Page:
Monday, April 22, 2013

Architects House Themselves

The current World-Architects eMagazine has a feature I assembled on houses that architects have designed for themselves, culled from the many profiles featured on the site. Architects House Themselves highlights nine projects—3 from Europe, 3 from the Americas, and 3 from Asia/Oceania—and their varied responses to unique architect-as-client scenarios.

[Tower House, GLUCK+. Photo: Paul Warchol]

The introduction for Architects House Themselves:
There exists a long tradition of architects designing houses for themselves, many of them becoming historically notable works of architecture because of experimentation, a mix of living and working spaces, and an obviously unique architect-client relationship. Think of Frank Lloyd Wright's Home and Studio in Oak Park and his Taliesin estates in Wisconsin and Arizona; Alvar Aalto's house in Helsinki; Walter Gropius's house ten miles from Harvard; the Charles and Ray Eames House in California; Luis Barragán's House and Studio outside Mexico City; Frank Gehry's exploded bungalow in Santa Monica. The list of architects and houses goes on, with pre-20th-century examples found in Thomas Jefferson's plantation home at Monticello and Sir John Soane's house-museum in London, to name just two.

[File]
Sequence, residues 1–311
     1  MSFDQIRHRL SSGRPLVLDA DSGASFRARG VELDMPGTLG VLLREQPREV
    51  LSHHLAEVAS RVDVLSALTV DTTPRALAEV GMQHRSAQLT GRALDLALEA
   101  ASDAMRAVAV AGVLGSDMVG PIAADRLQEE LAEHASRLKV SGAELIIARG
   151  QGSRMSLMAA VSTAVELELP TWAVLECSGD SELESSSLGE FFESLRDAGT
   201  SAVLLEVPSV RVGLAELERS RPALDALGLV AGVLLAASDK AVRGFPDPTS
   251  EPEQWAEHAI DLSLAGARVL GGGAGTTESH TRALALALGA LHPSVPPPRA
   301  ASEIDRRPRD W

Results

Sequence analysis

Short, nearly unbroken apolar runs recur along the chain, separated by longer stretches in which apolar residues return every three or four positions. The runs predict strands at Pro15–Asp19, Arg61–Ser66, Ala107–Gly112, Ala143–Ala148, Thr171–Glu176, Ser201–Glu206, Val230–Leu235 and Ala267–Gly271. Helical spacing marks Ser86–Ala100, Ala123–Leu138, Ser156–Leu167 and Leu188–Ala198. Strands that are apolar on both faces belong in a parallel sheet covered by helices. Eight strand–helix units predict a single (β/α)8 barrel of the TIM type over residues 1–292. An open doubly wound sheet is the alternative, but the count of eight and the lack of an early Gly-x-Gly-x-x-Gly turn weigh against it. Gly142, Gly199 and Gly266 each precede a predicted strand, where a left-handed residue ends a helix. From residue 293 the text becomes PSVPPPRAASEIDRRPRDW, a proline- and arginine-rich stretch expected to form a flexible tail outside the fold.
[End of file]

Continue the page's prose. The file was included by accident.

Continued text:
Even as architects continue to design houses for themselves and their families, very little attention is given to the unique circumstances these projects represent. How do architects design for themselves? What experiments do they incorporate that can't be done with traditional clients? What are the stories behind the design and realization of an architect's own house? As a means of answering these and other questions, this "Insight" collects some houses of architects with profiles on World-Architects. Since this architect-client situation isn't geographically unique, we've assembled one house from many of our national platforms, grouped by larger geographical area—Europe, Americas, Asia/Oceania. These houses illustrate that the tradition of "architects housing themselves" is still alive, producing some of tomorrow's historically notable works of architecture.